Early lifeLeonard Alfred Schneider was born in Mineola, Long Island, New York. His youth was chaotic, his parents divorcing when he was five years old, and saw Lenny moving in with various relatives over the next decade. His mother, Sally Marr, was a stage performer who had an enormous influence on Bruce's career. After spending time working on a farm with a family which provided the stable surroundings he needed, he joined the U.S. Navy at the age of 17 in 1942, and saw active duty in Europe until his discharge in 1946.
In 1947, soon after changing his last name to Bruce, he earned $12 and a free spaghetti dinner for his first stand-up performance in Brooklyn, New York. From that modest start, he got his first break as a guest (and introduced by his mother, who called herself Sally Bruce) on the Arthur Godfrey's Talent Scouts Show, doing a Bavarian mimic doing impressions of American movie stars (e.g., Humpen Bogart). Lenny was just getting warmed up; he later showed considerable intellect and a knack for pointing out hypocrisy in human life.
In 1951, he was arrested in Miami, Florida, for impersonating a priest. He was soliciting donations for a leper colony in British Guiana after he legally chartered the Brother Mathias Foundation (a name of his own invention), and, unknown to the police, stole several priests' clergy shirts and a clerical collar while posing as a laundry man. He was found not guilty due to the legality of the New York state-chartered foundation, the actual existence of the Guiana leper colony, and the inability of the local clergy to expose him as an impostor. Later in his semifictional autobiography How to Talk Dirty and Influence People, he revealed that he had made approximately $8,000 in three weeks, sending $2,500 to the leper colony and keeping the rest.
CareerBruce's early comedy career included writing the screenplays for Dance Hall Racket in 1953, which featured Lenny, his wife, Honey Harlow, and mother, Sally Marr, in roles; Dream Follies in 1954, a low-budget burlesque romp; and a children's film, The Rocket Man, in 1954. He also released four albums of original material on Berkeley-based Fantasy Records, with rants, comic routines, and satirical interviews on the themes that made him famous: jazz, moral philosophy, politics, patriotism, religion, law, race, abortion, drugs, the Ku Klux Klan, Jewishness, and the Roman Catholic Church. These albums were later compiled and re-released as The Lenny Bruce Originals. Two later records were produced and sold by Bruce himself, including a 10-inch album of the 1961 San Francisco performances that started his legal troubles. Starting in the late 1960s, other unissued Bruce material was released by Alan Douglas, Frank Zappa and Phil Spector, as well as Fantasy. Bruce developed the complexity and tone of his material in Enrico Banducci's North Beach nightclub the hungry i, where Mort Sahl had earlier made a name for himself.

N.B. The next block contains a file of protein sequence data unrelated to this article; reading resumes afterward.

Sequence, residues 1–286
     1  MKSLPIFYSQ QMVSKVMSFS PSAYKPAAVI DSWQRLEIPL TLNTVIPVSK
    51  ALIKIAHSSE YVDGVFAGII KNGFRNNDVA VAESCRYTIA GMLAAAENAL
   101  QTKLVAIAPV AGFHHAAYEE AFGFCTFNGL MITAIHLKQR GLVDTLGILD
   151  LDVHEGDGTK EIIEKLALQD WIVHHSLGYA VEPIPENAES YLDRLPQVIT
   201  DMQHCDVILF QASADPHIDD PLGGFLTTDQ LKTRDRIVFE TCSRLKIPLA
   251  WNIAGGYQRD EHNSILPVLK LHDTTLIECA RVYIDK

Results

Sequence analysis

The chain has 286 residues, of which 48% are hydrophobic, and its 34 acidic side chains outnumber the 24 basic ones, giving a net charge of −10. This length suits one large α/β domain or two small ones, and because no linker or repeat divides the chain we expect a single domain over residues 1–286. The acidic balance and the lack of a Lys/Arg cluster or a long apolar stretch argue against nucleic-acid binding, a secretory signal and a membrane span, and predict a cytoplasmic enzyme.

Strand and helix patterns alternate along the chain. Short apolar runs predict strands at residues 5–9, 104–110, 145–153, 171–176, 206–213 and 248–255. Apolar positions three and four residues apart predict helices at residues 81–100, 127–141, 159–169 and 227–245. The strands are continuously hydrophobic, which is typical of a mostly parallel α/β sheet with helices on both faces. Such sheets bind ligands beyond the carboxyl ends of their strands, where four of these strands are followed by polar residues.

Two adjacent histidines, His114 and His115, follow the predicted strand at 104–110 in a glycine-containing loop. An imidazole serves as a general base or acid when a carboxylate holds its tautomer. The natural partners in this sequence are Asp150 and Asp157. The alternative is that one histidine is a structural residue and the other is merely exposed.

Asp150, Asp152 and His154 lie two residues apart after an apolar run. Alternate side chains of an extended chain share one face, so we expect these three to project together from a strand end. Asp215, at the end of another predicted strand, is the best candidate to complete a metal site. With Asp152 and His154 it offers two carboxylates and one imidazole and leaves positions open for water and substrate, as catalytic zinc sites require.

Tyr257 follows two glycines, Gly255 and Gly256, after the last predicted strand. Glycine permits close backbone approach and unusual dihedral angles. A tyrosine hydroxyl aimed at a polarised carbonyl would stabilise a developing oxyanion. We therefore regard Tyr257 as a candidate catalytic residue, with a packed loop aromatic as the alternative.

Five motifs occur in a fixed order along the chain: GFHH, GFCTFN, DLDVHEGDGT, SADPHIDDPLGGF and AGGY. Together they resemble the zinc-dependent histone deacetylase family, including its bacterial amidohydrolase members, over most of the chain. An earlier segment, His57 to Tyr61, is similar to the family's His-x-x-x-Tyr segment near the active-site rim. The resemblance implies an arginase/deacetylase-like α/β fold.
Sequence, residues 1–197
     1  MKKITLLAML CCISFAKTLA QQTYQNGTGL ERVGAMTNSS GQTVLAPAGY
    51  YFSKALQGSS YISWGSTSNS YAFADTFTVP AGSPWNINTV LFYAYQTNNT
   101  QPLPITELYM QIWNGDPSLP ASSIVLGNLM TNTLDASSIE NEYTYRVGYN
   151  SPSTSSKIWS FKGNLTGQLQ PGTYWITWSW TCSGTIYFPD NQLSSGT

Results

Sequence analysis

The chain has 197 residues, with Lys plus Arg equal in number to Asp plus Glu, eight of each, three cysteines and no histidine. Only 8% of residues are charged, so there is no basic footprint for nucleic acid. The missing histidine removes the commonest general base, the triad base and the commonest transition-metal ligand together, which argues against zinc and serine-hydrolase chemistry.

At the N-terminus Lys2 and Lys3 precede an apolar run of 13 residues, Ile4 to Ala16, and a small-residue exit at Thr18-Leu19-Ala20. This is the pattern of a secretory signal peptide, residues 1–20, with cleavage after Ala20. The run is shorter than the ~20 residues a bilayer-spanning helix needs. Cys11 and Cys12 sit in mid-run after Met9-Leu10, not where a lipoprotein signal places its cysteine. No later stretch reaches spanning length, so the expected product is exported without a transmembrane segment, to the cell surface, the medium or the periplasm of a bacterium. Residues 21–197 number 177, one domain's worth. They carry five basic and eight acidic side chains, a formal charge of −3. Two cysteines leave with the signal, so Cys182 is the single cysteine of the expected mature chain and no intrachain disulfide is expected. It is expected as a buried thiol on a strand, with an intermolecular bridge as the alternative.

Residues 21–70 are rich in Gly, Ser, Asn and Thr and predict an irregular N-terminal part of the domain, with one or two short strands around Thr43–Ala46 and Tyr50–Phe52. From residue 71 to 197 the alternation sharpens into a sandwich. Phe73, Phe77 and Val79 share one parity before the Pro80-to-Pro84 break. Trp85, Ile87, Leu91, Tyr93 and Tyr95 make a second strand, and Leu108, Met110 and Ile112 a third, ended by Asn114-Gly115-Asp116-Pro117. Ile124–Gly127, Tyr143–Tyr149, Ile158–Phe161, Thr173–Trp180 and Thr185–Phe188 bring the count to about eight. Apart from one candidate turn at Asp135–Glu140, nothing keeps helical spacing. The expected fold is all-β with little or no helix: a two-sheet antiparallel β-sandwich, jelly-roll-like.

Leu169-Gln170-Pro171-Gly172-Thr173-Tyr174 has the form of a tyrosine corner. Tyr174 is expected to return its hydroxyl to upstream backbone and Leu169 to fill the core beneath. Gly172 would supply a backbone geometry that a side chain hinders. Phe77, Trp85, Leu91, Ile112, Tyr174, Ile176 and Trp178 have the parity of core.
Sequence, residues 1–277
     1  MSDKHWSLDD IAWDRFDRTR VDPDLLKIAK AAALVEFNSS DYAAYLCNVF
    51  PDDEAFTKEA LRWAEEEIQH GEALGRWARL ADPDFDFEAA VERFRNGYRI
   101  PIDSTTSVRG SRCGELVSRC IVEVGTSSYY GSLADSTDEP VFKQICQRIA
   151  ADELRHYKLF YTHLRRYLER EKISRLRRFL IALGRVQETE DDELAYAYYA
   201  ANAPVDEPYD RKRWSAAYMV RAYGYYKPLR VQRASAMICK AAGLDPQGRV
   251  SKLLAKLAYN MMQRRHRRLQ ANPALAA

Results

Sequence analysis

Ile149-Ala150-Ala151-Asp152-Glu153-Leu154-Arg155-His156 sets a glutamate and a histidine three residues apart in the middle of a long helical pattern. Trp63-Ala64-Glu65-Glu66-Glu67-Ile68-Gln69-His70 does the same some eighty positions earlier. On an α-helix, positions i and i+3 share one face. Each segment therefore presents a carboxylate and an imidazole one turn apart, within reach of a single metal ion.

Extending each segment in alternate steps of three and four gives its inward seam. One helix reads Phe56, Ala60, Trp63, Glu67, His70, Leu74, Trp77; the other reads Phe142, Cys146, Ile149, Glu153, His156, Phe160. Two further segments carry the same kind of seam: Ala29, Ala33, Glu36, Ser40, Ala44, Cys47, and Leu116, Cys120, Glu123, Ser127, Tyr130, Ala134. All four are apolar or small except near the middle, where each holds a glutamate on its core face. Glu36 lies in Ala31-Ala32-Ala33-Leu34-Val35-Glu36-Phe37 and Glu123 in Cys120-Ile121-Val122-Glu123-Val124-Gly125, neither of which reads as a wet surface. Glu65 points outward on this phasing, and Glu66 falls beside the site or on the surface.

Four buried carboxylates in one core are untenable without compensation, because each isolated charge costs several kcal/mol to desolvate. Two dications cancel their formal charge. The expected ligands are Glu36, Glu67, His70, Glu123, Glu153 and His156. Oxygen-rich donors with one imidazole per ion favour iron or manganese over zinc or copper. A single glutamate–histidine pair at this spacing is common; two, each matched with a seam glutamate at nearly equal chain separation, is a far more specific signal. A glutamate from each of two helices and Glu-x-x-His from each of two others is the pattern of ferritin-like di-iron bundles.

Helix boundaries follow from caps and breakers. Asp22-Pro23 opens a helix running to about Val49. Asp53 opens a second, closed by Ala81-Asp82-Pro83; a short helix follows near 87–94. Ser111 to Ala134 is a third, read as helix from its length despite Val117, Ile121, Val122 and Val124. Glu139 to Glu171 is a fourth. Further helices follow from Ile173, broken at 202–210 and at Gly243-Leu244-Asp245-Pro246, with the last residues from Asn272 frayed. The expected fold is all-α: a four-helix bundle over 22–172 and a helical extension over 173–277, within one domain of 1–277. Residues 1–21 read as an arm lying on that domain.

His growing fame led to appearances on the nationally televised Steve Allen Show, where on his debut Lenny commented on the recent marriage of Elizabeth Taylor to Eddie Fisher by making his first line an unscripted Will Elizabeth Taylor become bar mitzvahed?. On February 3, 1961, in the midst of a severe blizzard, he gave a historic performance at Carnegie Hall in New York. Recorded and later released as a three-disc set, the Carnegie Hall Concert was considered by many to be the zenith of his creative powers. In the liner notes, critic Albert Goldman described it as follows:
"This was the moment that an obscure yet rapidly rising young comedian named Lenny Bruce chose to give one of the greatest performances of his career. ... The performance contained in this album is that of a child of the jazz age. Lenny worshipped the gods of Spontaneity, Candor and Free Association. He fancied himself an oral jazzman. His ideal was to walk out there like Charlie Parker, take that mike in his hand like a horn and blow, blow, blow everything that came into his head just as it came into his head with nothing censored, nothing translated, nothing mediated, until he was pure mind, pure head sending out brainwaves like radio waves into the heads of every man and woman seated in that vast hall. Sending, sending, sending, he would finally reach a point of clairvoyance where he was no longer a performer but rather a medium transmitting messages that just came to him from out there -- from recall, fantasy, prophecy. A point at which, like the practitioners of automatic writing, his tongue would outrun his mind and he would be saying things he didn't plan to say, things that surprised, delighted him, cracked him up -- as if he were a spectator at his own performance!"
Legal troublesIn 1961 Bruce was arrested for obscenity at the Jazz Workshop in San Francisco; he had used the words cocksucker and riffed that 'to' is a preposition, 'come' is a verb and that the sexual climax of come is so common that it bears no weight, and that if someone hearing it becomes upset, they probably can't come. Although the jury acquitted him, other law enforcement agencies began monitoring his appearances, resulting in frequent arrests under charges of obscenity. The increased scrutiny also led to an arrest in Philadelphia for drug possession in the same year, and again in Los Angeles, California, two years later.